// define ‘ImageGenerator’ class (improved version – performs a
basic validation on its incoming parameters)

class ImageGenerator{

  private $width;

  private $height;

  private $bgColor;

  private $textColor;

  private $inputString;

  private $img;

// initialize input arguments

public function __construct($inputString=’Default Input
String’,$width=400,$height=300,$bgColor=’0,0,0′,
$textColor=’255,255,255′){

  if(strlen($inputString>255)){

   throw new Exception(‘Invalid length for input string.’);

}

  if(!is_int($width)&&$width>800){

   throw new Exception(‘Invalid width for image stream.’);

}

  if(!is_int($width)&&$height>600){

   throw new Exception(‘Invalid height for image stream.’);

}

if(!preg_match("/^d{1,3},d{1,3},d{1,3}$/",$bgColor)||!preg_match
("/^d{1,3},d{1,3},d{1,3}$/",$textColor)){

throw new Exception(‘Invalid format for background or text color.’);

}

  $this->inputString=$inputString;

  $this->width=$width;

  $this->height=$height;

  $this->bgColor=explode(‘,’,$bgColor);

  $this->textColor=explode(‘,’,$textColor);

  $this->buildImageStream();

}

// create image stream

  private function buildImageStream(){

// implementation of this method goes here

}

 

// display image stream on the browser

  public function displayImage(){

// implementation of this method goes here

 }

}

As you can see, the constructor of the above "ImageGenerator" class incorporates a few additional lines of code for validating individually each of its incoming parameters, before assigning them as class properties. Of course, this checking process could be improved, particularly if you need to perform a strict validation on the respective input arguments, but I think that the current checking process is more than enough.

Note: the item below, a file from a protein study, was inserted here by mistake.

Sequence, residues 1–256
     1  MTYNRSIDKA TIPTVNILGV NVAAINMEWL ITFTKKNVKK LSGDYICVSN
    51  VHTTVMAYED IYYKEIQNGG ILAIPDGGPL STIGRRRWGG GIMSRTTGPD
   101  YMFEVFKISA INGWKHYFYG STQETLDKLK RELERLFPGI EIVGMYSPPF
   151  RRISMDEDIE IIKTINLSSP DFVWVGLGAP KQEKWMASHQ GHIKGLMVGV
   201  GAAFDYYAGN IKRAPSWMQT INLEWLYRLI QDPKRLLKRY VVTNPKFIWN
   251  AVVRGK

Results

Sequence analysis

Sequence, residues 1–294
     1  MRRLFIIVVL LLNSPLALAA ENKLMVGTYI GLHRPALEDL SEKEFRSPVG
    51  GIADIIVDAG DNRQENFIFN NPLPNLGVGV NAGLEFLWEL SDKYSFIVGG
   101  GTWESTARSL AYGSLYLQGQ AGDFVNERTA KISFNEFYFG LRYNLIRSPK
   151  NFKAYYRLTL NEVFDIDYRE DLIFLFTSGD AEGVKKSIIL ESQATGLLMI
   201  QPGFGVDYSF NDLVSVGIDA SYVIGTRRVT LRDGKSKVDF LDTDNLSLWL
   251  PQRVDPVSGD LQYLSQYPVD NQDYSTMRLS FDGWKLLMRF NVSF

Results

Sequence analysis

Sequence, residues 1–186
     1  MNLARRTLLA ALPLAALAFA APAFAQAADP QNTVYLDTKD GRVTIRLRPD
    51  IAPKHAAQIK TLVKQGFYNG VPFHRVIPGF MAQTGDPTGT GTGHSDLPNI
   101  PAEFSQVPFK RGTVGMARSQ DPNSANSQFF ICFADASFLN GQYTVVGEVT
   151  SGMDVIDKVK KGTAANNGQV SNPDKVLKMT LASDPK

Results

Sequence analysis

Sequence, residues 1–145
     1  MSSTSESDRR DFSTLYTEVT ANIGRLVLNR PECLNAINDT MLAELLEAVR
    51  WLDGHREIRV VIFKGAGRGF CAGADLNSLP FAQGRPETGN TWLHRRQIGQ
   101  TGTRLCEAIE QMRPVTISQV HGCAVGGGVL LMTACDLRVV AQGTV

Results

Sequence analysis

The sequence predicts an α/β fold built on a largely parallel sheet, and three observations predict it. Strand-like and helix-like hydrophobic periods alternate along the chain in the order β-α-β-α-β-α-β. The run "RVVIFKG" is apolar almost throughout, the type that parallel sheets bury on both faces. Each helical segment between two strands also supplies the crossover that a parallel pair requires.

So far, so good. At this stage I already showed you how to improve the implementation of the constructor that belongs to the "ImageGenerator" class, with the purpose of making it slightly more efficient and robust. So, what’s the next step?

Well, since the signature of the previous image generator class now looks more compact and solid, I believe that it’s time to reassemble its different parts, and develop a concrete example where its functionality can be tested, at least at a very basic level.

Considering this scenario, in the upcoming section of this tutorial I’ll be showing you the complete (and improved) source code of this image generator class so you can see how it can be used to display several text strings in PNG format.

As I said before, this will be done in the next few lines, so click on the link shown below and keep reading.

{mospagebreak title=The improved signature of the ImageGenerator class}

In consonance with the concepts that I deployed in the section that you just read, the only thing that remains to be covered here is demonstrating a basic implementation of the image generator class, including the improvements that I introduced earlier to the corresponding constructor.

Below I listed the entire definition of the class in question, along with a basic practical example, which simply shows how to output a sample text string on the browser in PNG format.

The corresponding code sample is as follows:

// define ‘ImageGenerator’ class (improved version)

class ImageGenerator{

  private $width;